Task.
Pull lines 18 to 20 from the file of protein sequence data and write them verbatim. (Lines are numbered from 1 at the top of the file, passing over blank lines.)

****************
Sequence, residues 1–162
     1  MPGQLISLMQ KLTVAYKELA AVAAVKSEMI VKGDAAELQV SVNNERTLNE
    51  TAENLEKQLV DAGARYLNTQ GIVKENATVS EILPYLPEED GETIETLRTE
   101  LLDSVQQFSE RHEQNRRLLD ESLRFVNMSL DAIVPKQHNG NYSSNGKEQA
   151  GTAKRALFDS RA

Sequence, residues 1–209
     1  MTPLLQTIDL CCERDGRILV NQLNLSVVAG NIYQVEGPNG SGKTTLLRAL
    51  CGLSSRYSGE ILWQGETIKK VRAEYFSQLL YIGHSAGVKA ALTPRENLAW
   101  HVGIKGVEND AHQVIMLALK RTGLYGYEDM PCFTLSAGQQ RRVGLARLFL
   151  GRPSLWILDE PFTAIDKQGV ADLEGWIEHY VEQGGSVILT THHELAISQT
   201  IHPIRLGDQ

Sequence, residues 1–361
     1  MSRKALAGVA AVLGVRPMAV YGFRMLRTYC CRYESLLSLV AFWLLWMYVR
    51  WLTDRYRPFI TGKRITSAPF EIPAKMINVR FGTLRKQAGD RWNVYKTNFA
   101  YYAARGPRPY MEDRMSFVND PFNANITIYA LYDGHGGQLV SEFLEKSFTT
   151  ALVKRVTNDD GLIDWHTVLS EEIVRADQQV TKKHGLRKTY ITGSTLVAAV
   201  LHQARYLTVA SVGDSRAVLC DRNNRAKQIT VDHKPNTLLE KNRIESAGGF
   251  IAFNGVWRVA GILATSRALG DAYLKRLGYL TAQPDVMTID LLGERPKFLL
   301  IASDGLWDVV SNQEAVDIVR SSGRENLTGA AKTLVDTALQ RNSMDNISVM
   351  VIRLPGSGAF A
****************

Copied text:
   251  IAFNGVWRVA GILATSRALG DAYLKRLGYL TAQPDVMTID LLGERPKFLL
   301  IASDGLWDVV SNQEAVDIVR SSGRENLTGA AKTLVDTALQ RNSMDNISVM
   351  VIRLPGSGAF A